Types of green energy


Solar energy

Each day, vast amounts of solar energy in the form of heat and light reaches our planet. The solar energy can be utilized in various ways, including solar water heating and turning solar energy into electricity.

solar farms

Solar energy techniques are broadly divided into the main categories: active solar techniques and passive solar techniques. Examples of active techniques are photovoltaic systems, solar water heating systems and concentrated solar power. Selecting building materials with favourable thermal mass, orienting a building to the sun and using the sun to naturally circulate air in a home are examples of passive techniques.  Read more …

Wind energy

The history of using the wind to power mechanical mills (windmills) goes back to time immemorial, but it is also possible to use the kinetic energy of the wind to generate electricity with the help of a wind turbine. This can be done small-scale and large-scale. A small individual windmill can provide electricity for a small off-the-grid home, while huge wind farms have been built around the world to feed large quantities of electricity into the main power grid. In the year 2019, approximately 1430 TWh of electricity was provided by windmills.

wind farm

Choosing the right location is very important when it comes to windmills. Strong winds will generate more electricity, but factors such as turbulence and gusts must also be taken into consideration. Read more…

Wave energy

The kinetic energy of waves can be converted into electricity using a generator. Several different technologies have been developed, including the use of oscillating water columns, absorbers, attenuators, the inverted-pendulum, and overtopping. The energy density of a typical wave is 30 kW – 40 kW. In addition to producing electricity, wave energy can also be used directly to pump water and the desalination of seawater.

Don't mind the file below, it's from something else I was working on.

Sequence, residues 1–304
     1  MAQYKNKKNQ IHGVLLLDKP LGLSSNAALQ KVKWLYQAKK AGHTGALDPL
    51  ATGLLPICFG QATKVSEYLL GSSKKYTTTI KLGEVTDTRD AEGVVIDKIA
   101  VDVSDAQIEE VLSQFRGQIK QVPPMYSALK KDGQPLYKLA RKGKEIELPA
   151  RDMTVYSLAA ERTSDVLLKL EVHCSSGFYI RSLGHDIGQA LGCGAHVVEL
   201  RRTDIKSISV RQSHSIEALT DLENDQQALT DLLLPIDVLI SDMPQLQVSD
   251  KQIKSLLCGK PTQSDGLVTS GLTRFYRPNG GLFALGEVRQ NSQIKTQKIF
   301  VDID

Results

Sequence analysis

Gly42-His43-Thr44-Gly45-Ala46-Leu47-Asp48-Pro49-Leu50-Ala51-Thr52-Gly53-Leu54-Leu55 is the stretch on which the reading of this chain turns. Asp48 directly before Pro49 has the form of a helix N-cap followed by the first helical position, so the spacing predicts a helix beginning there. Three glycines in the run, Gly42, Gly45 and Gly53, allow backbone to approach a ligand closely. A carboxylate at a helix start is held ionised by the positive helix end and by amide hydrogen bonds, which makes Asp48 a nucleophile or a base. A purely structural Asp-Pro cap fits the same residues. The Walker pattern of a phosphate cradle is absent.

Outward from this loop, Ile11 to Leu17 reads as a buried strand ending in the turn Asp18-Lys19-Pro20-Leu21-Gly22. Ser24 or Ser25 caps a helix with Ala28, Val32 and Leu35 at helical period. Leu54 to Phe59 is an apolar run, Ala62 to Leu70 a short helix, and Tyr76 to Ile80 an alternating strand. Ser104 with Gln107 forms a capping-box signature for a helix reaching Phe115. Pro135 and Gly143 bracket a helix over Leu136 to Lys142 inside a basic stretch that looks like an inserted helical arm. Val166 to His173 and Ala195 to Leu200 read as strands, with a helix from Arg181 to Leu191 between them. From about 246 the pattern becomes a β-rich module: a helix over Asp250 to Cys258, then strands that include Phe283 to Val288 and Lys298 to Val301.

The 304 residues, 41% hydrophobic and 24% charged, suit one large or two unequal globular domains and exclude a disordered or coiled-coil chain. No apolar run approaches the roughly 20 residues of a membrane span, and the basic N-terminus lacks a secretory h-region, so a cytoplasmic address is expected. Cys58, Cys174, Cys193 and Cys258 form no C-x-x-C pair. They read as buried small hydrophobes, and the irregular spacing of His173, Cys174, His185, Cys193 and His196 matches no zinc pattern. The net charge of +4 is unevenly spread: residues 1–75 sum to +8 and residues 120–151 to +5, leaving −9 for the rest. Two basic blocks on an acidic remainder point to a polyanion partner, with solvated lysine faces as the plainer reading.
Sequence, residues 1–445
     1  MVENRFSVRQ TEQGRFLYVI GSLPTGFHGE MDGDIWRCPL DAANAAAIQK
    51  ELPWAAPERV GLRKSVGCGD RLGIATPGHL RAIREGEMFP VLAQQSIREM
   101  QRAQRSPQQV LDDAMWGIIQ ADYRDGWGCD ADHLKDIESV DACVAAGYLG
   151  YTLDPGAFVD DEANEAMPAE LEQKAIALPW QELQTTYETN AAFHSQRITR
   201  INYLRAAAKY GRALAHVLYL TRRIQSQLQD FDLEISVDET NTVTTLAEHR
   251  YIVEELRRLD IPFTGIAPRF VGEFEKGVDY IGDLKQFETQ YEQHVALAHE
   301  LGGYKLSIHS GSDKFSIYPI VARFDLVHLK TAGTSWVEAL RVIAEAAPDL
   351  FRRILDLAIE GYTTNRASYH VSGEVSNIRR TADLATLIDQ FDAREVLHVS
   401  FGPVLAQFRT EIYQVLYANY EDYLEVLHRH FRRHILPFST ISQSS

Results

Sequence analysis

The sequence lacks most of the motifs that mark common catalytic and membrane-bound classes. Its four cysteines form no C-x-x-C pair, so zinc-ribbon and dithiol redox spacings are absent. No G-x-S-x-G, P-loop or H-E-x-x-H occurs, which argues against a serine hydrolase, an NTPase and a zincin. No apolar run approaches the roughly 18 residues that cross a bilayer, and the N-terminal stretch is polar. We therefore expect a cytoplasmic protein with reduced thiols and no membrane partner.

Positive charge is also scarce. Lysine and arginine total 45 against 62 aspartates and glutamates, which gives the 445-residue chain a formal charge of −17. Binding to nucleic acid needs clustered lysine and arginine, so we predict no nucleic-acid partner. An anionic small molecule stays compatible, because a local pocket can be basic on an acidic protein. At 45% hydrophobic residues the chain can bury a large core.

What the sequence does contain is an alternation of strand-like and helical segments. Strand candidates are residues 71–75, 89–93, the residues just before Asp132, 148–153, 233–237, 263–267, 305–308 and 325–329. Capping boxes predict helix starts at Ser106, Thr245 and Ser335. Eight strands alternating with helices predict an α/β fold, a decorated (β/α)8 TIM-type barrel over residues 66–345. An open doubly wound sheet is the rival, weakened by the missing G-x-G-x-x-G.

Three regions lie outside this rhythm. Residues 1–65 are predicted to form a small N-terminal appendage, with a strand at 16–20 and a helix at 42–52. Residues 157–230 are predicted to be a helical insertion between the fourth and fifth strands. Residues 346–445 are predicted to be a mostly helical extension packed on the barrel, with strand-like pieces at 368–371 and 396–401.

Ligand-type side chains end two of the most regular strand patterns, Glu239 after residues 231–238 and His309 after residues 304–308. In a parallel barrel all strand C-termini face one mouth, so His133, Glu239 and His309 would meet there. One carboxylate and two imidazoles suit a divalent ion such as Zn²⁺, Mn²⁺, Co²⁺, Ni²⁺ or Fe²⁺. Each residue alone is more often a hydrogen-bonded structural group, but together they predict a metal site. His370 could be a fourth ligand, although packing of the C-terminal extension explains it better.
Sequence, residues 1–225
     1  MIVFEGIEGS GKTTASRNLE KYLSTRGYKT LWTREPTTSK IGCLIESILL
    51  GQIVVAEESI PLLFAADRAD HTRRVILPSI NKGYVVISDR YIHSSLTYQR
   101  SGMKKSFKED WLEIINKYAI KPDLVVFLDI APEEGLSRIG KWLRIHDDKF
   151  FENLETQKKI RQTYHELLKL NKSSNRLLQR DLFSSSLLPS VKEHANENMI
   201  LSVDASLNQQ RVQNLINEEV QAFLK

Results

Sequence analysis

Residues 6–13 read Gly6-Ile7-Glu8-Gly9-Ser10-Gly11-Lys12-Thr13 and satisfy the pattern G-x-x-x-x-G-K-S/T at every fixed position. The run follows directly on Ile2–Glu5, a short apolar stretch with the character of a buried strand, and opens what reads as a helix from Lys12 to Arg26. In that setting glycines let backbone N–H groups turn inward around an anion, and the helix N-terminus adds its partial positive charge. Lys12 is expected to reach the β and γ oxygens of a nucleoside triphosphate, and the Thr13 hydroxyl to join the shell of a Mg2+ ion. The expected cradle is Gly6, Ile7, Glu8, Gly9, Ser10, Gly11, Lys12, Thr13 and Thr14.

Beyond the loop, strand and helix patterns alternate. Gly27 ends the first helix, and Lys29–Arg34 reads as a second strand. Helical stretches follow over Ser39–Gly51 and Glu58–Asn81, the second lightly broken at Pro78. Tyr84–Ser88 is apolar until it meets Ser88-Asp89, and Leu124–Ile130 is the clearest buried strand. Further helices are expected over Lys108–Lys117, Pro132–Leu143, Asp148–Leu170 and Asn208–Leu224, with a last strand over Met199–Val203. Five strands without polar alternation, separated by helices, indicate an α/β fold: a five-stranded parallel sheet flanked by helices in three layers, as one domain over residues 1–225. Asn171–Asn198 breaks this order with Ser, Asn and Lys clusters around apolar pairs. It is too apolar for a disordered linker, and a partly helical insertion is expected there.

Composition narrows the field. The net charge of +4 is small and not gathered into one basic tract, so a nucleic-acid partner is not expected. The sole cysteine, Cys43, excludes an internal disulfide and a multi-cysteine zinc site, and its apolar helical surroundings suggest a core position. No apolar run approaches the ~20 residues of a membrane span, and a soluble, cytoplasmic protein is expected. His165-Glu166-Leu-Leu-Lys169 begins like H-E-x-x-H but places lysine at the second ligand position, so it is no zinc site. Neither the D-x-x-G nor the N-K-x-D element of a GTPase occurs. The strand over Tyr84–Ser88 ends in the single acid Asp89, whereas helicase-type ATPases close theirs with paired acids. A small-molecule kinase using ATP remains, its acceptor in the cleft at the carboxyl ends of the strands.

wave energy

One example of a functional wave energy power plant is Sotenäs, located in the North Sea off the western coast of Sweden. Sotenäs has been generating electricity since 2016 and has a total capacity of nearly 3 MW. The plant holds 36 wave energy converters, and the generators have been placed at a depth of 50 meters. Read more…

Geothermal energy

Geothermal energy is found in the Earth´s crust and is the driving force behind phenomena such as geysers, hot springs and fumaroles. Utilizing geothermal energy to provide heating or generate electricity is easier in locations on or near tectonic plate boundaries. Examples of countries where large-scale harnessing of geothermal energy is already taking place are Iceland, New Zealand and Costa Rica – countries known for their seismic activity.

Geothermal energy

Worldwide, 13,900 megawatts of electricity was made available from geothermal power plants in the year 2019. Geothermal power was also used directly to heat buildings, desalinate seawater, and more. Read more…

Algae fuel

Algae can be converted into various types of fuel. The fatty content of the biomass can for instance become biodiesel, while carbohydrates and proteins can be used to produce ethanol, methane and biogas. Both microalgae and macroalgae can be turned into fuel.

algae oil

Unlike terrestrial biodiesel crops such as corn and soy, algae farms do not require good farmland to be productive. Therefore, they do not compete with food production. Also, algae can be grown in brackish and saline water that could not be used to water fields of crops.

We usually don´t think of algae as something that is rich in fat, but some species of algae actually contain over 60% fat when dried and are highly suitable for biodiesel production. While an oil palm farm can produce approximately 5 950 litres of oil per hectare in a year, that number is 58,000 – 135,000 litres/ha for an algae farm. Read more…